We did so much to clean up this place. The airport was open in three days. We cleaned up the main streets to make sure that commerce was going. And now we are not. And so I understand we had two Category 5's, but we didn't do enough after the first, so much less after the second.

    And so that has really crippled us. The economy is tanking. And we need to get commerce going. Many of the stores are still cash-only. We have a lot of people unemployed because you had all these hotels close. So that means it displaced about 1,000 people. Well, that represents families, doesn't it?

    So the economy has taken a real blow, and we really need to get this going.

  • William Brangham:

    Can you tell us a little bit about what is the situation with regards to electricity?

  • Janette Millin Young:

    The electricity, as you yourself mentioned — I was on Saint John yesterday. They still are really struggling there.

    There's no power. And whoever is open is open with generators. So, the generator companies are actually doing really good, because we're not moving fast enough.

    I will say, in defense of the work that is being done, we do have about 500 line men. We have line men coming from all over the country, and we're really appreciative of that. It should have happened sooner. And I won't say that I'm not grateful, because I am super, super grateful, because so many in the United States have come down either through FEMA, law enforcement, line men.

    But we need to operate as if it is a small place, because it is a small place. We should have been further along, despite the fact that it was Category 5 hurricanes that hit us.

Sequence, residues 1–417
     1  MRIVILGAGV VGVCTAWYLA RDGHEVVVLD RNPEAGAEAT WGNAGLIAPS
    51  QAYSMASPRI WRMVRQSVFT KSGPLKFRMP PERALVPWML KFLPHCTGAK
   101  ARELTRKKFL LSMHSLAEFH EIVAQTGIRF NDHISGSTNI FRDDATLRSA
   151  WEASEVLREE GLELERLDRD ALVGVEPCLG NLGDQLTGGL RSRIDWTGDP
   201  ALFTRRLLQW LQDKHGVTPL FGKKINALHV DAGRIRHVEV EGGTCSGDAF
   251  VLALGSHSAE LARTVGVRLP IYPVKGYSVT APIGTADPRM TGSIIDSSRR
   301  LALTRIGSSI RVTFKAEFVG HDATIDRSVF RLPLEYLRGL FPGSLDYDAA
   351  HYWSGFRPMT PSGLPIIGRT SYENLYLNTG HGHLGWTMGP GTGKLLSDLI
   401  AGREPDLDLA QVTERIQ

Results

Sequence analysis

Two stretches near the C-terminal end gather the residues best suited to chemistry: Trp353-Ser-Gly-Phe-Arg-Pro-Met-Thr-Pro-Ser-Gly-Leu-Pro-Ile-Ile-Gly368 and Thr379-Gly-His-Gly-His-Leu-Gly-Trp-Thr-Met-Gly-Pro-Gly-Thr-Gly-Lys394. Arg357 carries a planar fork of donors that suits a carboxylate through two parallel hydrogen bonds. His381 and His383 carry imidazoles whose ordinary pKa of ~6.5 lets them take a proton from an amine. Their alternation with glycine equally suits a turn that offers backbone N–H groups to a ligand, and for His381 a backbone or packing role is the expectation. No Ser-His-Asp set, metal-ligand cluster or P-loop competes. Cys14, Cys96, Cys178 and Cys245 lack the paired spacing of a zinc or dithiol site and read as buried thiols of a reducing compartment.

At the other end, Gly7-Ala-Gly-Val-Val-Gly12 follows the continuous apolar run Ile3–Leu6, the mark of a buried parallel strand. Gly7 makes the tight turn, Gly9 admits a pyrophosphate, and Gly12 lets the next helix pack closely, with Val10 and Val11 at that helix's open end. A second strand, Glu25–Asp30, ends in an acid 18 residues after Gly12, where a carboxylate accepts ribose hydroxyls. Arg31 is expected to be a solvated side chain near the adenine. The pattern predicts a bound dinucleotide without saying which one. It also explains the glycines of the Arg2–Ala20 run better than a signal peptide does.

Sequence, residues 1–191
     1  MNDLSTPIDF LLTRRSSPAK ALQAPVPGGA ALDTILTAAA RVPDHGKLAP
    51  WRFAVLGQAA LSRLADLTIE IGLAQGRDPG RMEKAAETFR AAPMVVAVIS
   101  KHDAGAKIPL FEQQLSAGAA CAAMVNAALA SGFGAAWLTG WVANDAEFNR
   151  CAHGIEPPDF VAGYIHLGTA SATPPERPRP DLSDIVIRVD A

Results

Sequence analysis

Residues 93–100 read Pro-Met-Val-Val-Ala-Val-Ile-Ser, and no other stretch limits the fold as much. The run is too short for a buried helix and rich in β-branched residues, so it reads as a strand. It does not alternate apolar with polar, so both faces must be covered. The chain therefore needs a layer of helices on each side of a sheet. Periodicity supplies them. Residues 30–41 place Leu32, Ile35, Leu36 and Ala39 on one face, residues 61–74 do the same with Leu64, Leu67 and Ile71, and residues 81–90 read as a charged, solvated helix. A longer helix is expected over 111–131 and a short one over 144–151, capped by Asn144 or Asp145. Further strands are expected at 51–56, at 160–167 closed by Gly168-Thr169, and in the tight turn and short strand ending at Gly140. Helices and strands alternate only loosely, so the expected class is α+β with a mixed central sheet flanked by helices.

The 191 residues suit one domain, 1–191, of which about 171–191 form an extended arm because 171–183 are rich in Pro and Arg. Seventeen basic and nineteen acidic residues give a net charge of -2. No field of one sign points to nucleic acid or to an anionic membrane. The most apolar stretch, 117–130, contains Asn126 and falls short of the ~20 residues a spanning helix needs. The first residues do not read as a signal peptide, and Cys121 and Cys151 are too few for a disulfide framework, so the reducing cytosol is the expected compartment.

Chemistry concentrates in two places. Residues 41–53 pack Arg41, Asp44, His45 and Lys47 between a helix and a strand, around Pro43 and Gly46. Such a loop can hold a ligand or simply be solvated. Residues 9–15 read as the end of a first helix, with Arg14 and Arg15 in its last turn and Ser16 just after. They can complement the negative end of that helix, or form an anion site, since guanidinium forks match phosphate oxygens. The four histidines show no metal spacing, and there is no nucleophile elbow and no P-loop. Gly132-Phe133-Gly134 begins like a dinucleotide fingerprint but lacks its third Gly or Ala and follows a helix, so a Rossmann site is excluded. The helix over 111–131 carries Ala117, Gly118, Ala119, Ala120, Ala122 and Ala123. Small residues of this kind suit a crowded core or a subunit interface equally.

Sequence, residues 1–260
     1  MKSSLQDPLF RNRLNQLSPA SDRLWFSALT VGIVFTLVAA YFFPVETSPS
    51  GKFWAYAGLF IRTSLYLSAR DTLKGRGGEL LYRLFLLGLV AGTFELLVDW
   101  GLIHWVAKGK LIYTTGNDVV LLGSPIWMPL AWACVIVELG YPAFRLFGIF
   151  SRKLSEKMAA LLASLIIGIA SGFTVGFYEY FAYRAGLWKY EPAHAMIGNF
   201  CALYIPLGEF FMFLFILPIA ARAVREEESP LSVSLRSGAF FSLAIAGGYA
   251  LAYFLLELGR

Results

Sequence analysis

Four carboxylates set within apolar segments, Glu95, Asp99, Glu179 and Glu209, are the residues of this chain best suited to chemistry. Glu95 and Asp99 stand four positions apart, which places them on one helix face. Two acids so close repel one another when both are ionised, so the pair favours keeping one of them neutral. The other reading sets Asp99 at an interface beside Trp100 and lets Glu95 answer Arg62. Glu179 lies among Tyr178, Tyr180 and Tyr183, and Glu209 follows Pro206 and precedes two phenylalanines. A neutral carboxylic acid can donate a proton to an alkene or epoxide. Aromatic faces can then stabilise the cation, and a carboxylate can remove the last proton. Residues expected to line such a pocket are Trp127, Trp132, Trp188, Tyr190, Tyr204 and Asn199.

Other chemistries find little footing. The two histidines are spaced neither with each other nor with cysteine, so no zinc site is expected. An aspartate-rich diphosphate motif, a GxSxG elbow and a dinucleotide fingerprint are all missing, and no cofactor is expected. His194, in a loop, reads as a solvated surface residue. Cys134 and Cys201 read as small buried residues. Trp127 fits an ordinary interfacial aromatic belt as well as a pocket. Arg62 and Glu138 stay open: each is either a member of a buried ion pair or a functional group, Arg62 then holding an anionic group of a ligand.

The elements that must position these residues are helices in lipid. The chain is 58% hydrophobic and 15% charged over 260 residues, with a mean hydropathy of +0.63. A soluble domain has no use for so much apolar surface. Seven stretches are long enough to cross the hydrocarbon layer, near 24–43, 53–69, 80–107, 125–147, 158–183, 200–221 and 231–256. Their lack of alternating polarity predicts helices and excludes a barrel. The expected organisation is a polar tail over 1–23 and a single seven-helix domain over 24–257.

• William Brangham:

    So, who do you put that responsibility on? I know FEMA is the one that's in charge of the response. Do you feel like they haven't been doing enough? Or where do you apportion blame in this?

  • Janette Millin Young:

    Well, I have to say that it comes from the top.

    The senators are not at the table when it comes to emergency management. We're policy-makers, and we approve funding, but we are not at the table for emergency response. And when you ask certain federal officials, they will tell you, well, the state didn't make this request.

    I know that I have asked for many things to happen, but I don't see them. And sometimes we can get caught up politically, when we shouldn't, because we have lives at stake.

  • William Brangham:

    I understand you were in Washington, D.C., recently speaking to some senior leadership here in the Senate and the House. Did you get a sense that they were hearing you?

  • Janette Millin Young:

    I got a very good sense that they were listening to what our plight was, despite the fact that the media, the national media, has not been paying a whole lot of attention to us.

    You hear marathons and you hear relief efforts for Puerto Rico. I'm half Puerto Rican myself, so I'm happy that people are responding to Puerto Rico. But I am a public servant for the United States Virgin Islands, so it hurts every single time I hear what is happening in Puerto Rico, and no one mentions what's happening in the United States Virgin Islands.

    Once again, I thank you for the attention being placed here, because our hurt is very real.

  • William Brangham:

    All right, Senator Janette Millin Young from the U.S. Virgin Islands, thank you very much for talking with us.

  • Janette Millin Young:

    Thank you. Thank you so much.